They say a writer is someone on whom nothing is lost. No wonder. Writing is paying attention. To people mostly, but also the world at large and your own inner life. I recently discovered that photography could be all those things too. Maybe more. It calms me to take photos because I get to pay attention to one thing at a time. The endless patter of information, thought, and emotion fades to the background, and for a blissful moment, the length of a breath held before releasing the shutter, I am present in the moment and at peace.

I really have to hold my breath for a bit, by the way. Otherwise, the viewfinder mists in the cold from the breath escaping from under my facemask. Eyeglass wearers will empathize, I’m sure. That small annoyance aside, though, photography brings me the much-needed peace of mind.

The contrast to writing is quite striking. Because to write, you have to sift through the contents of your head first, shovel them aside like snow, to clear the way for the argument you’re trying to make, or at least give yourself enough space to examine an avenue of thinking that interests you. Either that or you make peace with the mess inside you and capture some of it instead.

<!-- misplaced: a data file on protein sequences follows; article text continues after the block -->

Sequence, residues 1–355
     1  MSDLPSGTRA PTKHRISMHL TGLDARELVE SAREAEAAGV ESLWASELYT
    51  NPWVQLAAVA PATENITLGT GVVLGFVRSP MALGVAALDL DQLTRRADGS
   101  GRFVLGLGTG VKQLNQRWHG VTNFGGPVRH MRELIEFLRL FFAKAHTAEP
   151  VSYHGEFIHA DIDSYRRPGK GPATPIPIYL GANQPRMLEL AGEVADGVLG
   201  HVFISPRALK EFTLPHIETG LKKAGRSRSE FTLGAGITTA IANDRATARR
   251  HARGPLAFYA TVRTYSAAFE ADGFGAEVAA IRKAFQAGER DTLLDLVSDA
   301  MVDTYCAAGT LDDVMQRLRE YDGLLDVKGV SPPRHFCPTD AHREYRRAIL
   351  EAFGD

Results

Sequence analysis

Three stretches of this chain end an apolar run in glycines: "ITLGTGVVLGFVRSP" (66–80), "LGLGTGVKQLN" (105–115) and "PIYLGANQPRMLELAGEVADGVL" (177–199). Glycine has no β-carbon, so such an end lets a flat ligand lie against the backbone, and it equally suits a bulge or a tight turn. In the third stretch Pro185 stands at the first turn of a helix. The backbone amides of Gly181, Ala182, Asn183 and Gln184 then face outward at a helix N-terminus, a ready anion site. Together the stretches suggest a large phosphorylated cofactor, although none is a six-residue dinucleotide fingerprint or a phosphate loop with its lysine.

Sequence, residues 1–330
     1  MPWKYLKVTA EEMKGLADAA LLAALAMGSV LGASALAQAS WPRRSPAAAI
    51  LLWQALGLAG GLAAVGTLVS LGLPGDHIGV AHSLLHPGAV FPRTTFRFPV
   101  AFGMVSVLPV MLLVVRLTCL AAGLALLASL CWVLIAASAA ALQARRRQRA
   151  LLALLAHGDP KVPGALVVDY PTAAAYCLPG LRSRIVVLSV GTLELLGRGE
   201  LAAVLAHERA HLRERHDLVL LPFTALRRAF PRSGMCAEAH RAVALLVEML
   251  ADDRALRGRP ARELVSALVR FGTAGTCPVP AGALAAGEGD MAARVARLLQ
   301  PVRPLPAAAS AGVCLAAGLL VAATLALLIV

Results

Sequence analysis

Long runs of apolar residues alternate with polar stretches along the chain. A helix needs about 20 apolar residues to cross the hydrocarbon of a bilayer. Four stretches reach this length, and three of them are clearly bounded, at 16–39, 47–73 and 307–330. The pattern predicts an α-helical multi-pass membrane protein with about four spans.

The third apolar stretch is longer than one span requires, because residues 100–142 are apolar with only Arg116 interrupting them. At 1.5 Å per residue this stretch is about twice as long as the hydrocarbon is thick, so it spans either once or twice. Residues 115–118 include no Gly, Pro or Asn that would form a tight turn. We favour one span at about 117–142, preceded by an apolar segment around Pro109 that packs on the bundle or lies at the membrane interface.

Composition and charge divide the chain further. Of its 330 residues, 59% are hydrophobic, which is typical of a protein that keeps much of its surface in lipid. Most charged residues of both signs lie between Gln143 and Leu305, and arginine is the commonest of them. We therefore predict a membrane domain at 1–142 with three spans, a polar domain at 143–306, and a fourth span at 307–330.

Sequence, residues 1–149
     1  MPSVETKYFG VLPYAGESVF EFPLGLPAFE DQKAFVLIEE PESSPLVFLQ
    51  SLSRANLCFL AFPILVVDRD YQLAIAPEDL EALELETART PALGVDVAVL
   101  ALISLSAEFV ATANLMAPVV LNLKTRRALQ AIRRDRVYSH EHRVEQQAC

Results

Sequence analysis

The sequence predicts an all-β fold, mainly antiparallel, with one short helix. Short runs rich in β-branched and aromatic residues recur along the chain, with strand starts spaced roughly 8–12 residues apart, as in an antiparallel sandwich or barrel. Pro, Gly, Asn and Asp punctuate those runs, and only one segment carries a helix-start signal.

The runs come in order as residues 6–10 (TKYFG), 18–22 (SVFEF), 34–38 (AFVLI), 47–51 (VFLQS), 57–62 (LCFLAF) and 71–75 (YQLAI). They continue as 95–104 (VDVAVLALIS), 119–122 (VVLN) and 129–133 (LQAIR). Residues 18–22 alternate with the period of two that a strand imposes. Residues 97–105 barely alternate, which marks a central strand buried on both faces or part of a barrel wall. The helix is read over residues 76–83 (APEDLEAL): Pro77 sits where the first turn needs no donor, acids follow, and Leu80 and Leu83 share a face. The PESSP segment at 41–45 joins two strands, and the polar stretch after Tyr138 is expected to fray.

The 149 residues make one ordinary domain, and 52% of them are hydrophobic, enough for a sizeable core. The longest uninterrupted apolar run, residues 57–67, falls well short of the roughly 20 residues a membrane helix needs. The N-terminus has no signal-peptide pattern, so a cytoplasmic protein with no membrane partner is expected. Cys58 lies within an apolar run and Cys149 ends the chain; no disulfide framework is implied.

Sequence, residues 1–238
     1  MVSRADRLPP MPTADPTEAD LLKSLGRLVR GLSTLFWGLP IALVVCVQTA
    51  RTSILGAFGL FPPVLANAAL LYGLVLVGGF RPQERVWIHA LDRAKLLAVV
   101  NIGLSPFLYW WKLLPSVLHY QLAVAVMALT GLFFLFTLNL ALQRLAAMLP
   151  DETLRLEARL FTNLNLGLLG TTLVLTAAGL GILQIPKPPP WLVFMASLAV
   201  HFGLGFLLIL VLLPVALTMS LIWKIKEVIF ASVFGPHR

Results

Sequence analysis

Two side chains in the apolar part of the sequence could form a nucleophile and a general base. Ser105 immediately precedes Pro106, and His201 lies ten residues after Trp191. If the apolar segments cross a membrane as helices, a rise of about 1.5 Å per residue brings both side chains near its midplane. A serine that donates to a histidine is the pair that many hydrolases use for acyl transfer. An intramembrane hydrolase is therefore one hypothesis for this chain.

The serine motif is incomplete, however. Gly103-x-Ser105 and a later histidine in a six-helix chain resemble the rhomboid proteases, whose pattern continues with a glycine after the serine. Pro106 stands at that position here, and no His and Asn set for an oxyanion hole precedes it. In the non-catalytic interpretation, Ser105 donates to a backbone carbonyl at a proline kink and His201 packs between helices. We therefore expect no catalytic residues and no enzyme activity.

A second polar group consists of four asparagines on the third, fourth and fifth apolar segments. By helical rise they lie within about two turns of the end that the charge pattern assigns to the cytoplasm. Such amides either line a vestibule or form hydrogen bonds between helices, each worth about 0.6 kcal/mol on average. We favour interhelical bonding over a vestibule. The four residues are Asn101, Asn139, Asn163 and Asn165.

With photography, it’s different. 

The fundamental rules are straightforward. The world is an unfolding painting, repainted second-to-second, and your role in it is to point your camera at something that grabs your attention and shoot. That’s it. 

Each photo, in essence, is bottled attention.

My friend, Luciano, who’s a much better photographer than I, tells me to put more of myself in the pictures, to tell a story by stringing them together, to drag out the pain, suffering, and despair of my personal situation, to document how our home, that most sacred refuge of privacy, goes through my wife’s cancer. How we change. How our environment changes. It’s a powerful idea, maybe too powerful for me right now. I already have one occupation that requires me to spill my guts out, and I don’t think I am ready for another. 

For the time being, I am happy enough to have discovered a hobby that gets me out of the house and out of my head.

PS. You can follow my photographic escapades on Instagram.

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